The Riverton Police Department will soon hire a staff member to investigate claims of race-based discrimination.

The person hired for the position will not be a police officer, but will work closely with police when conducting investigations, says Riverton police chief Mike Broadhead.

“I see this as a position to serve as an educator,” he says. “To help people who have been victims of bias to have an outlet that is healthy and to make them feel like they don’t have to go home frustrated. I want to give them a voice.”

A new translation is making old Viking poems accessible to general readers. The stories of gods and heroes were written down in 13th century Iceland. But for translator Jackson Crawford—who lives in Riverton—the existing English translations of the Poetic Edda were just hard to read.  

Wyoming Public Media

The final piece of the puzzle for a long-awaited Wind River Job Corps program has been found.  Management and Training Corporation of Utah has been chosen by the U.S. Department of Labor to operate the Wind River Job Corps Center.  

Job Corps trains students who come from families below the federal poverty level. Sandy Barton of the Fremont County Board for Cooperative Education Services has been working on the project for ten years and says the selection means that Wyoming’s first Job Corps will finally open.

10th circuit Federal court judges have denied Andrew Yellowbear's request to become a “friend of the court” in a case about the Environmental Protection Agency’s decision that the city of Riverton falls inside reservation boundaries. Yellowbear was convicted by a state court in the 2004 murder of his infant daughter. He argues he should have been tried in a federal court since, according to the EPA, Riverton is part of the reservation.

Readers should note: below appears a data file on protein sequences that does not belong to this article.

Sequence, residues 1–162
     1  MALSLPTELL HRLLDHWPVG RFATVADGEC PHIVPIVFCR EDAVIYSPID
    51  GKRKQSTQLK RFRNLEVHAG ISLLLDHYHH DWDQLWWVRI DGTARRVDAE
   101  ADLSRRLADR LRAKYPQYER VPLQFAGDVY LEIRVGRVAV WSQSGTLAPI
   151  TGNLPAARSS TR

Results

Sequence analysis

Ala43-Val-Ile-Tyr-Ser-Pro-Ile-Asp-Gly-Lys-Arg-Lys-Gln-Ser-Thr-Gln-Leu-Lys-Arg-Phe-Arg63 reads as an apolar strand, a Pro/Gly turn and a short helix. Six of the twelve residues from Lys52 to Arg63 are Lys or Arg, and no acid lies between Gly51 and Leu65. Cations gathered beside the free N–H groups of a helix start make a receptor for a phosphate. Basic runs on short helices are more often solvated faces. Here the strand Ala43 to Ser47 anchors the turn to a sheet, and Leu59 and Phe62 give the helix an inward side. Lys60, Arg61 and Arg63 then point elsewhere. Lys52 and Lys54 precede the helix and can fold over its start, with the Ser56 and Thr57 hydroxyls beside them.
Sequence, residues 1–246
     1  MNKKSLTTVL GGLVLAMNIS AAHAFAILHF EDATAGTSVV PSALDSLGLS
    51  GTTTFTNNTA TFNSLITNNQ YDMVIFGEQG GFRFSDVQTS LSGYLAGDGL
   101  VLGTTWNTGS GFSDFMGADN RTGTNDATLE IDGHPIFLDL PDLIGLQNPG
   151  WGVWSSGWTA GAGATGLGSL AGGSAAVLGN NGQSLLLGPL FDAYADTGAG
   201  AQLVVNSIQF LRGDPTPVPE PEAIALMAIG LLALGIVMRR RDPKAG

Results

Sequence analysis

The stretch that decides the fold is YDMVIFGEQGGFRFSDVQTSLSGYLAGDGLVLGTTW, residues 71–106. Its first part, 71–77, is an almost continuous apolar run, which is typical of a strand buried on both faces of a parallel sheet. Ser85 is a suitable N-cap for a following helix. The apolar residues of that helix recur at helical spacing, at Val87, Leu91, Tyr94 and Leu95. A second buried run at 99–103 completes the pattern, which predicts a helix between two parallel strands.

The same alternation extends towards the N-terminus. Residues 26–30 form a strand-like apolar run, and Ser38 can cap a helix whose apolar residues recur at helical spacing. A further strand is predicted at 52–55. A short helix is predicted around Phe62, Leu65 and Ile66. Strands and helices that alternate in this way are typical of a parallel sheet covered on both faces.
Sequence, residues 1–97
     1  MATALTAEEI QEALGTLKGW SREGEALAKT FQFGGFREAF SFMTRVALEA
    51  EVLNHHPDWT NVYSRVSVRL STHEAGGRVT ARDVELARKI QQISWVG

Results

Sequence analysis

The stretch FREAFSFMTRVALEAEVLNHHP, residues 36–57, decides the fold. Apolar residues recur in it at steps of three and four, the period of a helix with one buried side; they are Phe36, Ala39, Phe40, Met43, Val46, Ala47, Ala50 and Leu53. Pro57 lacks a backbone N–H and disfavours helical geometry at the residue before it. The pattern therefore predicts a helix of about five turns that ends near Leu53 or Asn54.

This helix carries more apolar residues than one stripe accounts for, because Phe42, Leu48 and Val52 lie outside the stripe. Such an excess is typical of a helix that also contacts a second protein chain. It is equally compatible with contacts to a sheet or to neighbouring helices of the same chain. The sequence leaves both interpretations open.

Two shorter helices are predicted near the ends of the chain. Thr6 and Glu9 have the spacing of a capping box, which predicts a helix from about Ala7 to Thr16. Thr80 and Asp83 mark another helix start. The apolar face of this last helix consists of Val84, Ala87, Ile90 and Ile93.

Wikimedia Commons

Possibly the longest running lawsuit in Wyoming history came to an end last Friday in Worland. Judge Robert Skar signed a final decree that brought closure to a controversial water rights case. The case examined some 20,000 possible water rights claims in and around the Wind River Indian Reservation over the course of 37 years. Water law professor Jason Robison was at the historic signing.

Jimmy Emerson via Flickr Creative Commons

The Wyoming Department of Education will hold its fifth annual Native American Education Conference this week in Riverton. The goals of the conference including boosting communication between schools and the Native American families they serve—and integrating tribal culture into curriculum.

Last year, the high school graduation rate for Native American students in Wyoming was 42 percent, compared to 78 percent for all students. Conference coordinator Keja Whiteman says that gap signals the need for this event.

Aero Icarus via Flickr

Great Lakes Airlines will be losing a partnership with the national Frontier Airlines. That’s the latest in a series of setbacks Wyoming’s only airline has suffered recently.

Under the partnership, Frontier has been marketing and selling tickets for Great Lakes. That practice, called “code sharing,” will come to an end.

Riverton airport manager Paul Griffin says the change means people flying Great Lakes are going to have more to worry about when they transfer to Frontier.